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Your Virtual Accountant

Today was like many others, but perhaps a world away from just a decade ago for an accountant and client working together.

We wrestled through bank reconciliations, talked through accountancy adjustments, mulled over cost-drivers and shared insights around areas for growth.

We were face to face and looked at the same screen with the same figures. Perhaps nothing particularly strange so far.

Yet we were 100s of miles apart.

We worked together all day. Like we were in the same office (but we were far from it). This was made possible by Google Hangouts, online banking and cloud accounting software (Quickbooks today).

Don’t be restricted by geographical boundaries when seeking financial and tax advice for you and your business. Get the best accountant and tax advisor you can – no matter where they might be….

 

Meeting up with Virtual Clients

I am looking forward to finally meeting up with a long-standing client of mine this evening – a virtual client.  Although we have worked together for almost 4 years, we have never met in the flesh as he is based in Los Angeles, US. 

Yet technology has allowed us to work closely over the years despite the significant distance between the UK and US and its getting easier and easier. We rely heavily on email and telephone on a day-to-day basis but screensharing, shared online workspaces and Google Wave-type continual contact are on the horizon. He works largely from home and I try to work from home on regular occasions yet this doesn’t impede our flow of communication due to improving broadband speeds.

Virtual / Global / Cloud consulting – whatever you wish to call it – is becoming an exciting reality.

But how powerful and long-lasting can virtual relationships be? Lisa Tse discussed the importance of bridging the gap to turn virtual communities into real-life flesh and blood communities – via TweetUps for her Twitter followers and friends in her case. This has been immensely powerful for her business in building sustainable and long lasting relationships. Geography can be a significant stumbling block but meeting for real can really cement a relationship – I hope the same will be true of tonight’s real-life meeting!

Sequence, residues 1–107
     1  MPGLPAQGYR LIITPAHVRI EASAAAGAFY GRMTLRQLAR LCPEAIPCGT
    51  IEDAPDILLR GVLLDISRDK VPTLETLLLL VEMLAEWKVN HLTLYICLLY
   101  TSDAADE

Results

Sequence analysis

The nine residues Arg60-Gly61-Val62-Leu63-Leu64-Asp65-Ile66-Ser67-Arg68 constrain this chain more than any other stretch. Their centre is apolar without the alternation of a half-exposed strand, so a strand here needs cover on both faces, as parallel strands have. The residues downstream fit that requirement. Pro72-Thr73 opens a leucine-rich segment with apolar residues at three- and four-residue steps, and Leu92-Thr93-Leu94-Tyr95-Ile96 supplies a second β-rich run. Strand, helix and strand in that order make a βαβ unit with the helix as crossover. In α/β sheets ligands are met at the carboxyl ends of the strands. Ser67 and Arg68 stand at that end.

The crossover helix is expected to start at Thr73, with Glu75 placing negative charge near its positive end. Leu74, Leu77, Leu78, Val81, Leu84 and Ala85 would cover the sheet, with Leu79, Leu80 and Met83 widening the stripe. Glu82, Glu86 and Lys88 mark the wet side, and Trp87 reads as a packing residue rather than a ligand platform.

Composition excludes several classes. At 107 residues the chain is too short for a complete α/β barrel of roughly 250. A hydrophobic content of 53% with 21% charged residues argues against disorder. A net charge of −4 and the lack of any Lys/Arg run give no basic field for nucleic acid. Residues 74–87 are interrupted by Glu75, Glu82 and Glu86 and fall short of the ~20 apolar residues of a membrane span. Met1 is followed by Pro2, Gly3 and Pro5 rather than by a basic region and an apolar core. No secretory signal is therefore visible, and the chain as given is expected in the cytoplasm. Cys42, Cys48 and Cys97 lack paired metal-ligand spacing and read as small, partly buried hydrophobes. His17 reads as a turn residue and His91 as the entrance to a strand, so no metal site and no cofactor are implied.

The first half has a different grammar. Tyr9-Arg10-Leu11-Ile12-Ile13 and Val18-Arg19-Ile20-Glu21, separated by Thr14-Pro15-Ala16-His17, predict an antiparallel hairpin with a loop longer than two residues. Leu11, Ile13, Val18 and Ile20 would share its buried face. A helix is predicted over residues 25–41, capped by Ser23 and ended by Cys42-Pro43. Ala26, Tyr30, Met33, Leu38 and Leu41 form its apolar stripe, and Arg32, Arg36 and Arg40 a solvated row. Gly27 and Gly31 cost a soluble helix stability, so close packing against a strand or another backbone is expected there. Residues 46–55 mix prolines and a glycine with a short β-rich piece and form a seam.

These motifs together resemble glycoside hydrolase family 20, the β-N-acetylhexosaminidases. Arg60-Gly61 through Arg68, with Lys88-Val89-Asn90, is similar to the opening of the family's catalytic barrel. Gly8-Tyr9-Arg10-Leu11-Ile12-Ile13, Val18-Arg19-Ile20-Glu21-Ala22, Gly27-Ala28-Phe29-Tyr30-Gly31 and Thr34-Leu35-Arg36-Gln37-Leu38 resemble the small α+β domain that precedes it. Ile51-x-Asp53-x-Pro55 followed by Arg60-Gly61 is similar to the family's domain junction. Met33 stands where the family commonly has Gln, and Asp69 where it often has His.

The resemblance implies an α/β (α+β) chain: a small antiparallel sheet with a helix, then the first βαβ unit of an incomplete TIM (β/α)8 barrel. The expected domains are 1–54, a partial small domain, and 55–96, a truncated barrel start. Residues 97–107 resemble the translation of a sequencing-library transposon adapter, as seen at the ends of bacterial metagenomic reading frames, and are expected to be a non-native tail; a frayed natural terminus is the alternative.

The only issue is how I will find him at the restaurant in Manchester this evening – having never previously met in the flesh, it’s slightly concerning that we won’t initially recognise each other! Until we speak and I hear his (familiar telephone) voice.

Professionals serving clients via The Cloud

As a practising chartered accountant and tax advisor, I am finding that the ability to reach out and service clients via The Cloud is getting easier (and even more fun). 

Two recent examples from the past week:

  1. Sat at my Mac when I was pinged via Skype by one of my contacts “Steve, do you have a moment to help?”.  Within seconds he had sent me a link via Yuuguu for me to view his screen.  He was busy trying to file his company CT600 tax return online but was encountering some problems.  There is a further option on the screen that allowed me to take control of his screen so that I could quickly rifle through the online pages to determine if anything was wrong.  Meanwhile we could discuss via online chat.  A v slick experience and a glimpse into the way we will work in the future (now)!
  2. Leaving the gym, a client wanted me to check some recent accounting entries to his online business books.  With no time to get back to the office, I stopped by a local Pret-A-Manger and sat down with my laptop to hook up to the free wifi.  I tried to connect to Skype via my ipod Touch (as Skype is not installed on my work laptop) but unfortunately the connection was patchy.  A quick log-in to Twitter to apologise for the delay and my client sent an access link to his online accounting package, Xero, via a direct message in Twitter.  Within seconds I was logged into his Xero account reviewing the accounting entries.  The review was limited as I wanted to discuss some points with him (and a public place like Pret is not ideal), however, to get a heads up on the fly, this was great. 

Who would have thought this way of working would be possible only a couple of years ago? 

Example 1 could not have happened as I was not in the office at the time.  Example 2 would have meant a significant delay and frustration for my client awaiting my return to the office etc.   In both cases, these tools enabled me to be more responsive and allowed me to work without being chained to my desk. 

Professionals need to be out of the office supporting the business community and these tech tools are allowing this to become a reality. 

On a personal note, many of my clients are technology companies and they (quite rightly) expect their advisers to operate and work utilising similar tools – great news for me!

What might this mean for the way professionals work in the (near) future?